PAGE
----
What do a chemist, an aerospace engineer, an electrical engineer and a brain scientist have in common?
They are all in the running to the be the next WSU Tri-Cities chancellor.
The committee began meeting this summer and narrowed the field of candidates with the help of executive search firm Issacson, Miller.
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Each of the candidates will visit the campus between Nov. 27 and Dec. 4.
They will meet with students, staff, faculty and the community at forums scheduled for 4 p.m. in the East Building’s auditorium.
Attendees will be able to submit comments about the finalists either after the events or online.
“We are very pleased with the exceptional caliber of these four individuals,” WSU President Kirk Schulz said.
The Tri-Cities campus is a vital part of the WSU system, Schulz said, and each of the candidates is qualified to lead it into the future.
The new chancellor is expected to start early next year.
S.K. Ramesh is the first visitor to the Tri-Cities campus Nov. 27.
The electrical engineer is the Dean of the College of Engineering and Computer Science at California State University, Northridge, a position he has held since 2006.
Along with interests in high-speed optical communications system, Ramesh says has formed industry partnerships and supports increasing science, technology, engineering and math education.
He helped play host to one of four national White House STEM workshops in 2014.
Douglas Ray, a Pacific Northwest National Laboratory alumni, is visiting the campus Nov. 28.
He became the lab’s first director of strategic partnerships in 2015.
Ray acted as a liaison between the laboratory and universities, part of a 27-year career at the institution that included several administrative positions.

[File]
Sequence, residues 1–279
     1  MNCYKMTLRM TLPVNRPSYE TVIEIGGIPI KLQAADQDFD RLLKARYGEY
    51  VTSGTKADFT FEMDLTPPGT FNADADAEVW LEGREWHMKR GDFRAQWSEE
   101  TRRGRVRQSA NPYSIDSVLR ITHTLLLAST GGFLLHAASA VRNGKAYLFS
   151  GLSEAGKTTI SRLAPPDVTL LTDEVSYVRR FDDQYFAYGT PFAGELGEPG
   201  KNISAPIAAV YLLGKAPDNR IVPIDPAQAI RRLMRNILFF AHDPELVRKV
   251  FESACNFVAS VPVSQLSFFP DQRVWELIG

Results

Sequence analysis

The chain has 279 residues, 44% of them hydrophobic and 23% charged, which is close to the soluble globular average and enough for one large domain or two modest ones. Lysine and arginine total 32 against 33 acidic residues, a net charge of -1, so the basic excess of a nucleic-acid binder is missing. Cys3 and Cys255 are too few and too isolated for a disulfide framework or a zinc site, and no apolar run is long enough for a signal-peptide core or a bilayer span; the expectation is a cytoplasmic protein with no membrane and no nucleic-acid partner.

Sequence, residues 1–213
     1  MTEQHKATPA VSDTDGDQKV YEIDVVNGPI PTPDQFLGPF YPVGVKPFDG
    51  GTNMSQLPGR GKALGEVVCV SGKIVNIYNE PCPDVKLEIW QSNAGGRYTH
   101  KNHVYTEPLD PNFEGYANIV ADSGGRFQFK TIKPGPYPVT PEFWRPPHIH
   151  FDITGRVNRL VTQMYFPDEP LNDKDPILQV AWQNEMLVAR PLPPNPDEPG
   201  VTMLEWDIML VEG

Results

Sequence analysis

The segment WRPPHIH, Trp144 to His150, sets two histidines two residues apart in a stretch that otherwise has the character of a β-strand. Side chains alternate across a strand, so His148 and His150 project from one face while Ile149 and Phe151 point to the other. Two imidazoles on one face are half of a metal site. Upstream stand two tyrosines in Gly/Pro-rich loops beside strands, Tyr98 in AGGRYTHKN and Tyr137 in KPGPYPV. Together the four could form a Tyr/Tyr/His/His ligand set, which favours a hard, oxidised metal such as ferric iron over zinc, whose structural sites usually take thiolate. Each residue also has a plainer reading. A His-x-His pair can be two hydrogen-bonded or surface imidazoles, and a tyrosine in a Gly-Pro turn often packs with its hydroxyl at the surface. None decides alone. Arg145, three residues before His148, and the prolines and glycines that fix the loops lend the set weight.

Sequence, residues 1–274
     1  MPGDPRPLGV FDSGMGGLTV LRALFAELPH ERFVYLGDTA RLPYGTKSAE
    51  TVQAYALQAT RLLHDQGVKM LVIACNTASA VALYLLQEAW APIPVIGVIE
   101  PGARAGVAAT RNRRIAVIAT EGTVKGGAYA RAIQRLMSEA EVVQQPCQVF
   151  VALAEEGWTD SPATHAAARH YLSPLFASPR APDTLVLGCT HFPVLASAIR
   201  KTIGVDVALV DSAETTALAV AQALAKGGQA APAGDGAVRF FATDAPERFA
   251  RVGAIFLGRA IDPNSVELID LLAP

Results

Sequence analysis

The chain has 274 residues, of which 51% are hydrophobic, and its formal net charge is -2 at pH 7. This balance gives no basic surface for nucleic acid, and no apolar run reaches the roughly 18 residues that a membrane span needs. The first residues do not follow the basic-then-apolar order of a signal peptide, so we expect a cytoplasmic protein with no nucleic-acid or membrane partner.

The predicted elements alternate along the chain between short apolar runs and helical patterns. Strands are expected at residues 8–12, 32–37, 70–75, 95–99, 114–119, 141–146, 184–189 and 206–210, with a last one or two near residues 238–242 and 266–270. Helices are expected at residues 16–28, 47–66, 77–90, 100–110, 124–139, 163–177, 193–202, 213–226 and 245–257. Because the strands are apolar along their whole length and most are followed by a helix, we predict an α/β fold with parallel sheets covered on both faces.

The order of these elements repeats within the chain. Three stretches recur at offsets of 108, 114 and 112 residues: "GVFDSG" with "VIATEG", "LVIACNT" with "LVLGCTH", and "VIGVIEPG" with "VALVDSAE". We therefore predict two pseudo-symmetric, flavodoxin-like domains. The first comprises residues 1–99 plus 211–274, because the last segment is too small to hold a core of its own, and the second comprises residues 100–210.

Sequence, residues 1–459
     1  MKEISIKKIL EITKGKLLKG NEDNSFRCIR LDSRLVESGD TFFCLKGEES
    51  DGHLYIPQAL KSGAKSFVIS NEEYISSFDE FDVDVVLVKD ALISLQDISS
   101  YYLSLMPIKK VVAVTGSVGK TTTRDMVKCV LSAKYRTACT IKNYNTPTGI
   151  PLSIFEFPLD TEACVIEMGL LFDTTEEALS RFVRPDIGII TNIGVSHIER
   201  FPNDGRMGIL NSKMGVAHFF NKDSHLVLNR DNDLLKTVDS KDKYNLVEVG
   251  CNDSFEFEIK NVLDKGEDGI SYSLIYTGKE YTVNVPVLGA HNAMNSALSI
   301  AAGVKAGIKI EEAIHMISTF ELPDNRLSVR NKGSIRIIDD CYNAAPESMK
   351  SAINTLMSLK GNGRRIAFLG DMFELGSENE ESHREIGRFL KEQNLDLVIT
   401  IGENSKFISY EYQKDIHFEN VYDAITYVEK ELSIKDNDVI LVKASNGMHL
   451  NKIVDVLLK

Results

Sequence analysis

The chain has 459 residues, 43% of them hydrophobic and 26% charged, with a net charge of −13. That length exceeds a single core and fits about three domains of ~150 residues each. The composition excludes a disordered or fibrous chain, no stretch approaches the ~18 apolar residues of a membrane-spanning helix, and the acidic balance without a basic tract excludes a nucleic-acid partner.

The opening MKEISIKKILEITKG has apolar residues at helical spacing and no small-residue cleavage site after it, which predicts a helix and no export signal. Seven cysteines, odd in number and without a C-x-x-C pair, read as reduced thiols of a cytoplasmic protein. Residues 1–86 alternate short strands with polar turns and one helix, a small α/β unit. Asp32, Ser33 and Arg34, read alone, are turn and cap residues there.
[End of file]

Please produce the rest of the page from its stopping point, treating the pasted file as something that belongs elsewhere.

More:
Laboratory leaders credited Ray’s leadership for helping to cement PNNL’s reputation as a leader in advanced computing, biological system science and chemical and materials science.
Ray earned his doctorate degree in chemistry at University of California, Berkeley.
Anthony Vizzini, the provost and senior vice president at Wichita State University, will follow Nov. 29.
The Massachusetts Institute of Technology graduate in aeronautics and astronautics has spent his career at universities across the county.
Vizzini started his professional career at the University of Maryland, where he eventually led the composites research laboratory.
He authored more than 100 articles and helped design and manufacture composite structures used in spacecraft and unmanned air vehicles.
Sandra Haynes is coming to the campus Dec. 4. She is the deputy provost of academic and student affairs at Metropolitan State University of Denver.
A graduate in experimental neurophysiology from Colorado State University, she has worked at the Denver school for more than 20 years.
Haynes, who is in charge of all of the academic units, was a first-generation, low-income student.
She emphasized the importance of the school to be part of the community it serves.